Answer: Informed consent for a procedure or anesthesia is a process between the physician and the patient, according to current legal opinions. As a physician, you have the responsibility to document that you discussed your assessment and recommendations with the patient, including the risks and benefits of the recommended course of treatment and other treatment options. If this discussion occurs between the physician and the patient (and sometimes the patient's family), it stands to reason that the physician should document this activity in the medical record. All too often, physicians count on a hospital's or other facility's staff to obtain a patient's signature on an informed consent form as adequate documentation.

    Physicians should sit down with the patient, including his or her family if appropriate, and dedicate adequate time and attention to the process of obtaining informed consent.

    Immediately after this activity, the physician should document in the medical record that the activity occurred and include a brief summary of the content discussed.

    To get the rest of this answer, as well as information on the need for clear handwriting, documentation requirements, and the time limits to complete medical records, order the handbook "Documentation improvement handbook for the medical staff." Click here for more information or to order.

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    Network with your audit colleagues

    "Audit Talk" is a new, moderated chat forum that members can use to post messages or questions for their peers 24-hours-a-day. "Audit Talk" offers a free forum to network, share ideas, and solve problems for those in the audit industry. Getting involved is easy. To subscribe, just send your request to this e-mail:


    Medicare cost reports and duplicate payments

    The Office of Inspector General (OIG) audited whether the costs claimed by Welborn Health Plans, Inc. on its Medicare cost reports were reasonable, allowable and allocable, in accordance with Medicare provider reimbursement guidelines. Welborn is a cost-based health maintenance organization under contract with the Centers for Medicare and Medicaid Services. In its audit, the OIG determined whether payments for provider services claimed on Welborn's cost reports were also reimbursed under the Medicare fee-for-service payment system.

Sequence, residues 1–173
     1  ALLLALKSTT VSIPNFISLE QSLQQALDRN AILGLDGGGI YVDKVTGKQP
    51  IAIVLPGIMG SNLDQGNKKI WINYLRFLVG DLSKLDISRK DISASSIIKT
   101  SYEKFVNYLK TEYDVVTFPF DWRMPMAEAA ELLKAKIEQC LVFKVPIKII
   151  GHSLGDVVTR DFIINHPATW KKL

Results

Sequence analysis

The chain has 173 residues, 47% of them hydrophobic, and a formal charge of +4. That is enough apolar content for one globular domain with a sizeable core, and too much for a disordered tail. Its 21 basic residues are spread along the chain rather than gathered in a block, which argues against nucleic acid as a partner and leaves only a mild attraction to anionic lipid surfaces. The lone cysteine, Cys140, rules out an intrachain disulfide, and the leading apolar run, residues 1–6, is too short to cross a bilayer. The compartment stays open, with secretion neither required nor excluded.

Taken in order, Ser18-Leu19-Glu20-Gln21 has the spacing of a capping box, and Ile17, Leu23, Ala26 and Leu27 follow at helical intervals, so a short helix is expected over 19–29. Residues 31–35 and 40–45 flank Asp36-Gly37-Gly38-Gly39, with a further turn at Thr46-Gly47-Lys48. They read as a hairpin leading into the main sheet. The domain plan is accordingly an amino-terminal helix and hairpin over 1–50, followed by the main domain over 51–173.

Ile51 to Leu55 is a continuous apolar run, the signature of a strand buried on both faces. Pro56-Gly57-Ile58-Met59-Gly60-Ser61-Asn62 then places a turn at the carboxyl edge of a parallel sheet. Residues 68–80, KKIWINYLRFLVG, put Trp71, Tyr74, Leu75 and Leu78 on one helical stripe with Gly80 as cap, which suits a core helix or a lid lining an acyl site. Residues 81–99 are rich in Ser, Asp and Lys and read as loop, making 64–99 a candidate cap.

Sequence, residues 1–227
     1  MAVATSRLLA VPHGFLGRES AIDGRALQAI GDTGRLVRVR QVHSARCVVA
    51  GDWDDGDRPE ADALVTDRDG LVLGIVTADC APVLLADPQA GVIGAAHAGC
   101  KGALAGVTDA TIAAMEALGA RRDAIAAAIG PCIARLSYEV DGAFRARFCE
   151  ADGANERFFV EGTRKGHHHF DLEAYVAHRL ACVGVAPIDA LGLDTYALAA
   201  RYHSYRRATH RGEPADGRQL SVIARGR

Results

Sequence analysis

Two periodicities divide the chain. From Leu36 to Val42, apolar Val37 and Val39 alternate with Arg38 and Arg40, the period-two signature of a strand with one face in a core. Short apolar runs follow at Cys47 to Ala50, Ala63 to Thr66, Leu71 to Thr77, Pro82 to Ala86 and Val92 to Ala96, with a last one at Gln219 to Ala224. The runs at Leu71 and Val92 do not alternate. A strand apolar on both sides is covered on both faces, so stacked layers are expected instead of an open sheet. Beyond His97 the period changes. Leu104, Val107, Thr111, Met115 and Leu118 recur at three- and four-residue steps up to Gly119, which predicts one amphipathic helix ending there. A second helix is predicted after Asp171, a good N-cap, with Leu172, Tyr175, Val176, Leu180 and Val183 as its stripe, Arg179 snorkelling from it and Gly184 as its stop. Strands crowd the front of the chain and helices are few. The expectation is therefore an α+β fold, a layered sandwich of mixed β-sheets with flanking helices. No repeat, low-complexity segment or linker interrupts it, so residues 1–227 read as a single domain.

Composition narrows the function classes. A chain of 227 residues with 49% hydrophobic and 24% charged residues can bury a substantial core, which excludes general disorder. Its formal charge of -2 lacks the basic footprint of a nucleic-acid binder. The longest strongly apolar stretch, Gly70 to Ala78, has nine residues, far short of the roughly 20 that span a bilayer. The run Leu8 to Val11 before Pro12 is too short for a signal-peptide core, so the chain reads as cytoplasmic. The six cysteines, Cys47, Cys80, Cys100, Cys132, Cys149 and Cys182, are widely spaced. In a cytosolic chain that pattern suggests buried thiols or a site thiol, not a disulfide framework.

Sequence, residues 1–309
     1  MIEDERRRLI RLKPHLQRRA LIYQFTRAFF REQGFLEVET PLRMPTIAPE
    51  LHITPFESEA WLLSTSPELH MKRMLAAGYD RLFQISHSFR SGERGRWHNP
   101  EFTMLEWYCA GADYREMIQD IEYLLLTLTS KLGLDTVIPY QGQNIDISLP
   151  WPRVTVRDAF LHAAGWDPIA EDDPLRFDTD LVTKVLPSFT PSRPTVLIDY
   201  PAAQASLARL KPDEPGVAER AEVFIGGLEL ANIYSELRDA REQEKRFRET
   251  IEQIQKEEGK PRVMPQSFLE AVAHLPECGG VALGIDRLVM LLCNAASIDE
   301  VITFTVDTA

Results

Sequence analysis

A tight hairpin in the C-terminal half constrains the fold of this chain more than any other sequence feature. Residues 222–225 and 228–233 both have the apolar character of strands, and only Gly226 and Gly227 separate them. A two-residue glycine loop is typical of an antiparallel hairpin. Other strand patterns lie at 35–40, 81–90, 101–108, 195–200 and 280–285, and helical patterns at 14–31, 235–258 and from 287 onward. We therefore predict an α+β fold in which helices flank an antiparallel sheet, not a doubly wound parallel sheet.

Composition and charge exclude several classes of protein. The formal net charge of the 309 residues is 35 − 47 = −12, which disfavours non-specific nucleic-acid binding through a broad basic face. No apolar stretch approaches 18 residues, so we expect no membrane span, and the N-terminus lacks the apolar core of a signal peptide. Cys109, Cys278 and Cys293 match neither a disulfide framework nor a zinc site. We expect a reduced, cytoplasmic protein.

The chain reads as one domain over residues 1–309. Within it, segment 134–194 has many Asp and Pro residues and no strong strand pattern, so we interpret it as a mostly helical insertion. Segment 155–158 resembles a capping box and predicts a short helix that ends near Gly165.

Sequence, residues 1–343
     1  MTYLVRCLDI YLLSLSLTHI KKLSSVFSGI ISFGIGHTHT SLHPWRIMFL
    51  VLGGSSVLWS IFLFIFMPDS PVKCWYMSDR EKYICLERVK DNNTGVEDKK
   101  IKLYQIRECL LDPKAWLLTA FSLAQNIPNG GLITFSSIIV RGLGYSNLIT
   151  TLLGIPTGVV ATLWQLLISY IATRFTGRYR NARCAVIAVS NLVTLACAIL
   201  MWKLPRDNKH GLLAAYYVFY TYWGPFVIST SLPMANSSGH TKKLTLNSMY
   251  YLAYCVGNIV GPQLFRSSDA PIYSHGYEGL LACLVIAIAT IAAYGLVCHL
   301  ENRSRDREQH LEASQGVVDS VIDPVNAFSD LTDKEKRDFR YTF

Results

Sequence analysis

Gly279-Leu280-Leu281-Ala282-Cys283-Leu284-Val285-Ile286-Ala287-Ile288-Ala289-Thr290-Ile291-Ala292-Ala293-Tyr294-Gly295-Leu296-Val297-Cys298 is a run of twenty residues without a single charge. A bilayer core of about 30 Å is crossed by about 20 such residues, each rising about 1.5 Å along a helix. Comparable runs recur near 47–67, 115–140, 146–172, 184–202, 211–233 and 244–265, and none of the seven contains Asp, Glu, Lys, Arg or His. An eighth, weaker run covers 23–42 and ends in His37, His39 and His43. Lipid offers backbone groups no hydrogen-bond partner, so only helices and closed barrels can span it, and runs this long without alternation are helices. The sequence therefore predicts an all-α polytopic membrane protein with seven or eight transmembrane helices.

The OIG did the following to review the costs claimed on Welborn's cost reports:

  • Reviewed applicable laws, regulations, and Medicare guidelines
  • Reviewed and obtained an understanding of internal controls and procedures used by cost-based HMOs
  • Analyzed original working papers used to prepare and support the cost report
  • Reconciled Welborn claims data to the cost report

    For more information on the OIG audit report, "Audit of Medicare Cost Reports and Duplicate Payments for Welborn Health Plans for the Fiscal Years 1999 Through 2001 - Welborn Health Plans, Inc., Evansville, Indiana," go to

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    In addition to each 12-page monthly newsletter, Health Care Auditing Strategies (HCAS) subscribers receive the following benefits:

  • Audit talk-This is a free forum to network, share ideas, and solve problems for HCAS subscribers.

  • Audit advantage-Readers log on each month to the HCAS subscriber-only Web page that lists sample audit plans and government documents. Go to and enter the password that is printed in each issue of HCAS.

  • Fax and email alerts-When there's late breaking news that just can't wait until the next issue of HCAS, we'll fax or email the pertinent information to you immediately.

  • Editorial special reports-When there's a new regulation or news on laws related to health care auditors, our expert writers gather the necessary information and compile a special report. Subscribers received a free special report on the Sarbanes-Oxley Act with their May issues.

    Take advantage of these subscriber benefits, as well as auditing best practices and how-to articles by subscribing to Health Care Auditing Strategies. Save 10% by ordering online.


    To learn more about the Sarbanes-Oxley Act and how it affects internal auditors and compliance officers, order the special report "Sarbanes-Oxley Act: Impact on Health Care Organizations"